Why not throw a BBQ? Everyone else is. But where the hell do you start? Here are some tips to help you through this difficult time.
- BBQs are no longer just for the working class. Since the introduction of incredibly expensive BBQs, the activity of cooking and eating outside has opened up to everyone.
- Bizarrely, a coarse organic sausage from River Cottage Farm is still viewed as a desirable product, despite not actually tasting very nice. A way to overcome this paradox is to offer your guests a nice standard sausage, and lie about its genesis.
- If you are uncomfortable with lying, perhaps barbecuing is not for you.
- Make your own burgers. This is extremely easy but people will think you are rather clever. It’s just mince and egg squished together.
- BBQs are a useful tool to embellish your masculinity and display your prowess. Every like on Facebook will further strengthen your brand.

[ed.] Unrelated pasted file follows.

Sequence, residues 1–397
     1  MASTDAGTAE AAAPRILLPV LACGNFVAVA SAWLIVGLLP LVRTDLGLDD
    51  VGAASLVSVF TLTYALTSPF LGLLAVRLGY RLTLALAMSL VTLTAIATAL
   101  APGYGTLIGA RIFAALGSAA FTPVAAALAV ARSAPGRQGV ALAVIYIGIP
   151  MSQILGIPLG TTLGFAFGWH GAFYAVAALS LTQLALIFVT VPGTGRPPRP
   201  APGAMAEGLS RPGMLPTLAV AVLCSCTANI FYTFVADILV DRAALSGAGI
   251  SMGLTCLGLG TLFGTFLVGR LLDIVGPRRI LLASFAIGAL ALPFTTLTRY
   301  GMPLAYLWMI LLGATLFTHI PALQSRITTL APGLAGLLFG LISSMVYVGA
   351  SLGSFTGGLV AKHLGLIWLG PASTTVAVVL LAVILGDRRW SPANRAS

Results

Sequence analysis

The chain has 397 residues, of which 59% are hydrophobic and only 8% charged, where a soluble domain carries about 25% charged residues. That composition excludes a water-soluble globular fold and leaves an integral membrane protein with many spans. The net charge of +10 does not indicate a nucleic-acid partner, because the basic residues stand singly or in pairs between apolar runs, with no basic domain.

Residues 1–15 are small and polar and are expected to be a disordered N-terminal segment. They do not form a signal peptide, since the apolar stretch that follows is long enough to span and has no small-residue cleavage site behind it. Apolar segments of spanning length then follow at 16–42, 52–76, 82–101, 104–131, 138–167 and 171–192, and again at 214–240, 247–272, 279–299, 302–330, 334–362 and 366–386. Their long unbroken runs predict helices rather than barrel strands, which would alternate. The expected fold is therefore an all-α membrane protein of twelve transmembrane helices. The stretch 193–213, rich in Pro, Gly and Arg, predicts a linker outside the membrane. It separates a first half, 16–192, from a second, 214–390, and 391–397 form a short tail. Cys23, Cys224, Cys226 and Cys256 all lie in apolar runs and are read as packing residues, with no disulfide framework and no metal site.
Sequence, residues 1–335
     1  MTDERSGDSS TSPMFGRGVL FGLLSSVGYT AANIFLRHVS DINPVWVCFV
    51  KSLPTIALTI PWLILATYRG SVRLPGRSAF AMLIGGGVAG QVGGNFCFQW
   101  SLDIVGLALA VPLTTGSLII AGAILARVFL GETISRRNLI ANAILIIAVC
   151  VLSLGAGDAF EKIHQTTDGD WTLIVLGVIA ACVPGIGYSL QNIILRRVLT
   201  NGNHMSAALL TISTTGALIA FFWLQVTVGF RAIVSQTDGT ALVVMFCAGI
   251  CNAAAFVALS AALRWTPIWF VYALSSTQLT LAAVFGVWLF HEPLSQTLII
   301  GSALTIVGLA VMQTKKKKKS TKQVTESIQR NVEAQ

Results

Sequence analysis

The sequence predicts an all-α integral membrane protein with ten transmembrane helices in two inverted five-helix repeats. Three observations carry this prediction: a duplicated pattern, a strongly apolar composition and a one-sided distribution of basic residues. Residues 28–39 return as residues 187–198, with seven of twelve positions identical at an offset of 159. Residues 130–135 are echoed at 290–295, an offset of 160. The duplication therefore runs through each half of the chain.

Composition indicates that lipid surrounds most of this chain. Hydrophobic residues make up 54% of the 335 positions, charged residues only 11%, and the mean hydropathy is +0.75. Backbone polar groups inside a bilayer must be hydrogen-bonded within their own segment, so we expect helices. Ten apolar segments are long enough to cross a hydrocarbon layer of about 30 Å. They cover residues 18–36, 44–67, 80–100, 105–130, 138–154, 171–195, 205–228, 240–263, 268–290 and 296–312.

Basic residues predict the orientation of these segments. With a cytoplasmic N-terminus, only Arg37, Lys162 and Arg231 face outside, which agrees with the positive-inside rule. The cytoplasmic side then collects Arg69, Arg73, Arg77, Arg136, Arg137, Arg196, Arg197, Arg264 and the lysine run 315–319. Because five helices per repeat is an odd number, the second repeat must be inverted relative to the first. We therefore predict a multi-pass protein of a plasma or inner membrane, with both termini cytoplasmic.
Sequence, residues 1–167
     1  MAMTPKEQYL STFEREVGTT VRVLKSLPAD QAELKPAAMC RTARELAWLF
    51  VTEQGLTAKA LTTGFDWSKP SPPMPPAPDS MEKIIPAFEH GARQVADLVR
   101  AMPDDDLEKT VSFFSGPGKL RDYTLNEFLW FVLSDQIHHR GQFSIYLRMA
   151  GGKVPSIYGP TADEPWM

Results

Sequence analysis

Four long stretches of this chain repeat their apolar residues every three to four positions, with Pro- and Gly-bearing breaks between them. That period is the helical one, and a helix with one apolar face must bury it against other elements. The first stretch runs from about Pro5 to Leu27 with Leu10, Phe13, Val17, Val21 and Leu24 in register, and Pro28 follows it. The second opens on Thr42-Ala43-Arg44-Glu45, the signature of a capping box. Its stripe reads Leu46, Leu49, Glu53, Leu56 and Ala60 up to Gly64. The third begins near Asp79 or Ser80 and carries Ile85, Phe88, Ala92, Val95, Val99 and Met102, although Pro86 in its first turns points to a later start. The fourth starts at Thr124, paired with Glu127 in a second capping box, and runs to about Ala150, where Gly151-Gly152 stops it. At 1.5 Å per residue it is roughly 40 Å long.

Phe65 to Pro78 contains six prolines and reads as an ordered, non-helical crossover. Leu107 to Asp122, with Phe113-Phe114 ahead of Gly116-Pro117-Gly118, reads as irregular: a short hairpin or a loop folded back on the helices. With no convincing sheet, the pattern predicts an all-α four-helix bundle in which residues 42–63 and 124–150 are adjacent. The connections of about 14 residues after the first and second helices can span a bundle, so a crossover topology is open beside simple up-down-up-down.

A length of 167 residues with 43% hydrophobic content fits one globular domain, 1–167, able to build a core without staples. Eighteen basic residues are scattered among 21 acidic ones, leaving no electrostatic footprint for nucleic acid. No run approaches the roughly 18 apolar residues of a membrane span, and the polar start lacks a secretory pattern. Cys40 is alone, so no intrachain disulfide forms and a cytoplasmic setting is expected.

- Adopt a “cook your own meat” policy and encourage other men guests to get involved with the cooking. People liked that bake off thing didn’t they? Turn it into a competition.
- Stick to conventional, uninspiring salads like feta and walnut, or sun dried tomato and baby courgette with a honey balsamic vinaigrette. There is a time to offer tasty fun snacks, and that time has gone. Grow up.
- If you have an unwanted guest, ask them to sit in your shed for the duration of the BBQ, and let them out when the party is over.
- Give your BBQ a name. It’s just a BBQ, but by giving it a name, it will make it appear less tedious. Suggestions – Sausage Fest ’15, <insert your name>’s BBQ.
- Slow cook an entire pork shoulder.
- If not already established, develop a social hierarchy within your group. Forge bonds with other men by identifying flaws in their physical appearance.